Android Go, also known as Android (Go edition), is a stripped-down version of Android designed to run on entry-level smartphones. It’s comprised of three optimized areas — the operating system, Google Play Store, and Google apps — which have been reimagined to provide a better experience on lesser hardware.
Android Go operating system
The Android Go operating system is based on the regular version of Android but it’s optimized to run on smartphones with 512 MB to 1 GB of RAM. The first version of Android Go was modeled on Android Oreo, but the latest iteration is based on Android 11. Android Go phones receive updates just like regular Android phones; we expect an Android Q Go edition to arrive in the future.
Android Go takes up less space than the regular Android version, giving smartphones with low storage the breathing room to hold more media and apps out of the box — most Android Go smartphones come with 8 or 16 GB of storage.
Devices running Android Go are also said to be able to open apps 15 percent faster than if they were running the regular Android software. Additionally, Google has enabled the “data saver” feature for Android Go users by default to help them consume less mobile data.
Android Go apps
Like the OS, Google has also developed apps to make better use of the device’s memory. These require up to 50 percent less space and perform better on low-end hardware. Android Go smartphones come with only nine pre-installed apps, listed below:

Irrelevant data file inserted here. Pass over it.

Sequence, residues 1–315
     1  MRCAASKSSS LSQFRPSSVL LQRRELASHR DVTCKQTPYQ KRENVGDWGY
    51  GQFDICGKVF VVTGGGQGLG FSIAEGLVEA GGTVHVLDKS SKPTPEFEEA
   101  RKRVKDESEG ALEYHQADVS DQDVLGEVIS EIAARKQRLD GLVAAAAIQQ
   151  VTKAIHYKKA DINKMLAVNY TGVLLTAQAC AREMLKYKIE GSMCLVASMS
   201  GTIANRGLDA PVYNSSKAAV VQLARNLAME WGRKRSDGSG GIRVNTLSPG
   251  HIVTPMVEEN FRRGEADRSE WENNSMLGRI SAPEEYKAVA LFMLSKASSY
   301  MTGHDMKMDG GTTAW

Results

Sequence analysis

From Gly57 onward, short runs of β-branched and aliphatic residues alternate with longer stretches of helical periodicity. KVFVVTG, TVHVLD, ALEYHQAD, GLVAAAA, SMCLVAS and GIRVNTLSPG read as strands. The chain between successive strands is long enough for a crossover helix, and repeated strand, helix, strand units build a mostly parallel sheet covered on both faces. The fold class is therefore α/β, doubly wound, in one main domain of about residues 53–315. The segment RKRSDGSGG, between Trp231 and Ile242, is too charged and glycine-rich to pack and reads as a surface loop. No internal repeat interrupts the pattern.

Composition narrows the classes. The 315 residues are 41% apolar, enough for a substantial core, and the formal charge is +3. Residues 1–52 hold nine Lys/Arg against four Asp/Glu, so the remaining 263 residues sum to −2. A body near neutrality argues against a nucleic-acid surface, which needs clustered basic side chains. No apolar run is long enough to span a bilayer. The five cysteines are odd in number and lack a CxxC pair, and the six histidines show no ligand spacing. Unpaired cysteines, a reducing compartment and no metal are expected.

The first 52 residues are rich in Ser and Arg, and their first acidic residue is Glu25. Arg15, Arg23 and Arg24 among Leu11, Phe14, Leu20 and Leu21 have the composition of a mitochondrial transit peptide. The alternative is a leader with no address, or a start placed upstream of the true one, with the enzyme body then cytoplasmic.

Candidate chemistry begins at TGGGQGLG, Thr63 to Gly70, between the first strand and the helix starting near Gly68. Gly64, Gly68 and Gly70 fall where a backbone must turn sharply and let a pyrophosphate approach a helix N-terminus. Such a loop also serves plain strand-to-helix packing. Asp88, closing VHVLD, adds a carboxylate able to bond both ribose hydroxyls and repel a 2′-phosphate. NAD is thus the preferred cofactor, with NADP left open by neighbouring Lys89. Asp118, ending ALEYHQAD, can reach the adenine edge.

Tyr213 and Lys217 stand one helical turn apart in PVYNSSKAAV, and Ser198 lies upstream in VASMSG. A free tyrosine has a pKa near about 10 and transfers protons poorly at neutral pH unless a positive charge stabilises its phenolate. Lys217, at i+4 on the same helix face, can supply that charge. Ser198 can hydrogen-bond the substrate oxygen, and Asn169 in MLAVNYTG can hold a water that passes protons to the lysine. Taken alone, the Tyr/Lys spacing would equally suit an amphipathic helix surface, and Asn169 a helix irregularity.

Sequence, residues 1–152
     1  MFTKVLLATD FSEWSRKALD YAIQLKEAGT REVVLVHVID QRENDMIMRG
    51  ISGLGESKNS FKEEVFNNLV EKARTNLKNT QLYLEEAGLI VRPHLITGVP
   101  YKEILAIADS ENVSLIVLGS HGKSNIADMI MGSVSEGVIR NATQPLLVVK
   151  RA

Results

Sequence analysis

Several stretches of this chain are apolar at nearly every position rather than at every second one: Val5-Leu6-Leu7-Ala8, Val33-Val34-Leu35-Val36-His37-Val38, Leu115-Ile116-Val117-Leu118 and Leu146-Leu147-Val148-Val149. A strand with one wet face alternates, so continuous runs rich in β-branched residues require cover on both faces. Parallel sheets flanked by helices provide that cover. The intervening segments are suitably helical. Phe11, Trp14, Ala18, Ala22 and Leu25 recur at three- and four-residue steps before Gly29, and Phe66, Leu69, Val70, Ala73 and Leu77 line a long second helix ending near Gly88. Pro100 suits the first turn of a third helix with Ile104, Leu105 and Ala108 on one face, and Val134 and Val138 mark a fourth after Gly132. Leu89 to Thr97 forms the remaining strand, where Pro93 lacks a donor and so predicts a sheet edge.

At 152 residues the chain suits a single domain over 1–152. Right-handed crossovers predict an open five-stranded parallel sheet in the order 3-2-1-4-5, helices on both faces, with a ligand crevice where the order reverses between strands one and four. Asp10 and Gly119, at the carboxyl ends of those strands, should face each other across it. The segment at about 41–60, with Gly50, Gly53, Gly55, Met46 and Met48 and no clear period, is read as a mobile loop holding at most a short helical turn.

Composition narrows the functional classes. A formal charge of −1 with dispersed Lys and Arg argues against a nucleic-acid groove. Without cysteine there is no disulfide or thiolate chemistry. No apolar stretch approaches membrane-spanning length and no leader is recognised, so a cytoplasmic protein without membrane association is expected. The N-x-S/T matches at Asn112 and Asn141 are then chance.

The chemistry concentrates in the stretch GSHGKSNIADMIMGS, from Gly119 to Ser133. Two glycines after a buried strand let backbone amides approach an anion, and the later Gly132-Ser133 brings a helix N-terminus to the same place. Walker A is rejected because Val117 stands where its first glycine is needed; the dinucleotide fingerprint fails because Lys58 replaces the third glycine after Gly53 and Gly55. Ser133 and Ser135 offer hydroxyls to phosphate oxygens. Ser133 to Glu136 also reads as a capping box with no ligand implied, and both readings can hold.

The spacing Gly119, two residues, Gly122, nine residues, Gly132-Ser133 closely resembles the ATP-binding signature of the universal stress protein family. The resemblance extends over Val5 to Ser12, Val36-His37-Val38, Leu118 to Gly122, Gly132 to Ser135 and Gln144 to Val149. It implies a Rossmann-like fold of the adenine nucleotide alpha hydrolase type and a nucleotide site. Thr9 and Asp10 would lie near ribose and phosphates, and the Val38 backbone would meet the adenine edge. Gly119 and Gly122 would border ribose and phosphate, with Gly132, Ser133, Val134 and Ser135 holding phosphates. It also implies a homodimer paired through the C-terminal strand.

- Google Go
- Google Assistant Go
- YouTube Go
- Google Maps Go
- Gmail Go
- Gboard Go
- Google Play Store
- Files Go
Keep in mind that these apps may be slimmer and faster, but they might be missing a feature or two. For example, you can’t set reminders or control smart home devices with Assistant Go, but you can do most other standard things like set alarms, open apps, and ask various questions.
It’s worth noting that we can expect to see many other Android Go optimized apps in the near future. Developers can already start producing apps for the OS with the help of Google’s Building for Billions development guidelines.
Android Go Play Store
Building a new OS and pre-installed apps package is a great start for Android Go, but what about when people begin using the device in the real world? To help users maintain the lightweight system they set out with, Android Go devices have access to an exclusive version of the Play Store.
The Android Go Play Store offers all of the same content as the regular Play Store, only the storefront is more suited to low-storage devices. It has a featured apps section that recommends apps specifically for Android Go handsets, pointing users in the direction of apps that will be of most benefit to them.
What’s the point of Android Go?
Demand for smartphones in emerging markets like India is on the rise. Google expects its next billion users to come from these countries, where the purchasing power is lower than in the West. That’s why the company wants to provide them with a new generation of affordable, sub-$100 smartphones that work faster, provide more storage, and help reduce data consumption.
It sounds like a brilliant plan on paper, as it could allow Google to increase the number of users of its apps and services. However, software is only one part of the equation. The company has to get as many hardware partners as possible on board that will flood the market with smartphones, which will not only have to be affordable but also easy on the eyes. Let’s face it, no one wants an ugly smartphone.
A few options are already available on the market, which we’ll take a look at next. But before we do, check out our short “Android Go: A promising start” video below to learn even more about Google’s Go initiative.